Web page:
At Plant Biology 2018, the ASPB Education and Outreach booth featured a variety of resources for visitors with multiple booth guests sharing helpful teaching tools and outreach activities.
Long time education committee member Scott Woody made it across the Canadian border with his FPsc (fast plants, self-compatible) and genetic resources to share with conference attendees. FPsc is a self-compatible and extensively inbred analog of the familiar Wisconsin Fast Plants (WFP) variety of rapid-cycling Brassica rapa. Working with Rick Amasino and students at the University of Wisconsin-Madison, Scott has created an integrated suite of genetic and molecular/genomic materials useful to help students make a clear connection between organismal phenotype and underlying, DNA sequence-based genotype.
Education committee member Susan Bush (Trinity College) and Education Committee chair Sarah Wyatt (Ohio University) collaborated to share about conducting PCR-based labs in the classroom. Using PCR machines and gel rigs from MiniOne, they ran a genotyping experiment on red and white onions based on a paper by Sarah Wyatt (Briju & Wyatt 2005 Am Bio Teacher). Focusing on onion genes associated with anthocyanin production, they amplified DNA from the red onions, but could observe deletions (through failed PCR) in some of the white onion genes. This is a really neat project that lets students provide their own samples for class, and using the MiniOne gel system, allows students to visualize the PCR bands using their phones. Visitors were also able to enter in a raffle to win a micropipette set that MiniOne generously provided.
Booth visitors also were able to view a raspberry pi demo shared by Malia Gehan, Principal Investigator at the Donald Danforth Plant Science Center, learning about how these low cost microcomputers might be used for different applications in the lab.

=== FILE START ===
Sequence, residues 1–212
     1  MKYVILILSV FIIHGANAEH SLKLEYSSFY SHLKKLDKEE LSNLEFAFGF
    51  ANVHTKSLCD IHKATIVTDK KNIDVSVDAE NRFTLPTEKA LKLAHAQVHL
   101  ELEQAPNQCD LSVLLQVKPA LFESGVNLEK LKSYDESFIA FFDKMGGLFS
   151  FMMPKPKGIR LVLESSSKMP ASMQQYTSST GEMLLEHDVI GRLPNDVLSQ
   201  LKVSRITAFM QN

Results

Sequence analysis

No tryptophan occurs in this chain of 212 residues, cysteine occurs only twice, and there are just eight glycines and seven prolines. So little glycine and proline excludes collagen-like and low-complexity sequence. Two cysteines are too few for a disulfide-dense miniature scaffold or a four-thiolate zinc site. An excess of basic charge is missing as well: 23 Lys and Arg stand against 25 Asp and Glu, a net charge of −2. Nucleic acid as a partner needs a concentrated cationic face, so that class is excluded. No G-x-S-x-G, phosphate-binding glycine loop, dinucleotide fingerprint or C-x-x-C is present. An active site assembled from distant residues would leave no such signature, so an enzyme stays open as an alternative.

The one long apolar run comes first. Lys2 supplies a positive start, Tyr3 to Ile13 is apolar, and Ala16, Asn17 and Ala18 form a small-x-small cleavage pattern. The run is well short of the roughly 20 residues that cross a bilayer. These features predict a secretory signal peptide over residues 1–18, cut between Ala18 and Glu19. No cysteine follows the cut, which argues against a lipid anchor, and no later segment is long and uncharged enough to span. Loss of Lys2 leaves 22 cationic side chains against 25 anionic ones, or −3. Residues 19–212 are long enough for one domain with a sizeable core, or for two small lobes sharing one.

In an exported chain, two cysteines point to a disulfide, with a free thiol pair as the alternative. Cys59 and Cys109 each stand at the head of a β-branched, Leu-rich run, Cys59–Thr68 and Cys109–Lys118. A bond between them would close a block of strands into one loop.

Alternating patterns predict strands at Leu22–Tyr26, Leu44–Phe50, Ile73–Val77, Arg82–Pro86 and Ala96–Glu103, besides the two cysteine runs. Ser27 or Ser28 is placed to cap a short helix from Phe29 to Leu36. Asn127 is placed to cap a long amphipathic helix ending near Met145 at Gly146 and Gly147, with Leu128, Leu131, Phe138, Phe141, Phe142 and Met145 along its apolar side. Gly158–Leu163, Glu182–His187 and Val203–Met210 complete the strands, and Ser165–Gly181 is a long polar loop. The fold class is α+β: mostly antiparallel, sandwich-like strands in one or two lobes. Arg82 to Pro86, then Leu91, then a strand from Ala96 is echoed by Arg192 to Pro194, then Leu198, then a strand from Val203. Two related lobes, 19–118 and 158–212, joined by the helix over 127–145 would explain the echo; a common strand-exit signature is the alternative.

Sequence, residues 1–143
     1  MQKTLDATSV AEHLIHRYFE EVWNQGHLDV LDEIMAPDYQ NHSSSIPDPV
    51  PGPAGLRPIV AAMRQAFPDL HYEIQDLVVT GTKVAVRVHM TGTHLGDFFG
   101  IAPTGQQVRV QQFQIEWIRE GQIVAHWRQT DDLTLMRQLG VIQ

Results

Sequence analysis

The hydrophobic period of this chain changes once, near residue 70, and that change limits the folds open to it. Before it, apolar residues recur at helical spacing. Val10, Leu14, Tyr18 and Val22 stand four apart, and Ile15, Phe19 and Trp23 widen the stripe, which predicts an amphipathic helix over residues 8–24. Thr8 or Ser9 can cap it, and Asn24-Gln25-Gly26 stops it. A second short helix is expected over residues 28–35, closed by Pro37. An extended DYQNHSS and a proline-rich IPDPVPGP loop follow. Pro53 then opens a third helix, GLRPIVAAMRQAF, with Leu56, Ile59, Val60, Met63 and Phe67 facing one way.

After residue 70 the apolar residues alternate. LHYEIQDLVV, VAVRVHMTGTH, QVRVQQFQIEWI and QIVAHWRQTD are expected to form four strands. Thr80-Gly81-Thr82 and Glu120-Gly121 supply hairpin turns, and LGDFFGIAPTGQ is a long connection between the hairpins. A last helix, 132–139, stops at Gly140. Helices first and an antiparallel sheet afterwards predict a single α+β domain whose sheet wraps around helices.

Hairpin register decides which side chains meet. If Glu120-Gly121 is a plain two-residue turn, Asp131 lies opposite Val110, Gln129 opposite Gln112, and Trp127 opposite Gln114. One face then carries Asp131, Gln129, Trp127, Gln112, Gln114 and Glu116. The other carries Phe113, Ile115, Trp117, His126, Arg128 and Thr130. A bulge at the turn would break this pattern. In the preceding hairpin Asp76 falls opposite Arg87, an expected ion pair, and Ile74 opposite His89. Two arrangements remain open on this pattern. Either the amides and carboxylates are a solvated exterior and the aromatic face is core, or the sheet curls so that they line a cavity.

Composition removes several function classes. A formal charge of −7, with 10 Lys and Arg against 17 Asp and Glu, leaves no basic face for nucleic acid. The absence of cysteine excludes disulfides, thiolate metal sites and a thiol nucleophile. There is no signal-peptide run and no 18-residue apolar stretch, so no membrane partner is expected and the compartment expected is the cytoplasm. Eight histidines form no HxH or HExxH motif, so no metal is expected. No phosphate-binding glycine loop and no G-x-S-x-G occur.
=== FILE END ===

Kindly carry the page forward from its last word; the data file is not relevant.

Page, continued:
CourseSource, an open-access journal of peer-reviewed teaching resources for undergraduate biological sciences, also was present at the education booth. CourseSource provides authors with the opportunity to publish teaching materials in a high-quality format that documents their scholarly teaching efforts, accomplishments and innovations. A key feature of CourseSource is the alignment of articles with scientific professional society developed learning goals and objectives. Senior Editorial Assistant Erin Vinson from the University of Maine was on site to answer questions that visitors might have about publishing in CourseSource and to introduce the journal to those unfamiliar with it.
In collaboration with the Canadian Society of Plant Biologsts’s education committee, Let’s Talk Science shared their outreach efforts at the booth. Let’s Talk Science is a Canadian community-based program connecting educators and youth with volunteers to deliver a wide variety of meaningful STEM activities for children from age 3 through grade 12. Let’s Talk Science demonstrated some of the outreach activities that they bring to their classroom and community outreach visits. The enthusiastic volunteers pass their passion for STEM on to Canada’s future citizens and also take outreach requests from community groups, libraries, summer camps, after-school programs, and community festivals.
In addition to T-shirts for sale, coloring books, and the 12 Principles of Plant Biology bookmarks, a new element at the ASPB booth center this year was the Conversation Circle feature. The Conversation Circles provided a space for pre-scheduled informal meetups for visitors to learn more about various topics. This included four education and outreach Conversation Circles: All About Summer Undergraduate Research Fellowships (SURF), PlantingScience, ASPB Education and Outreach Activities, and All About CourseSource.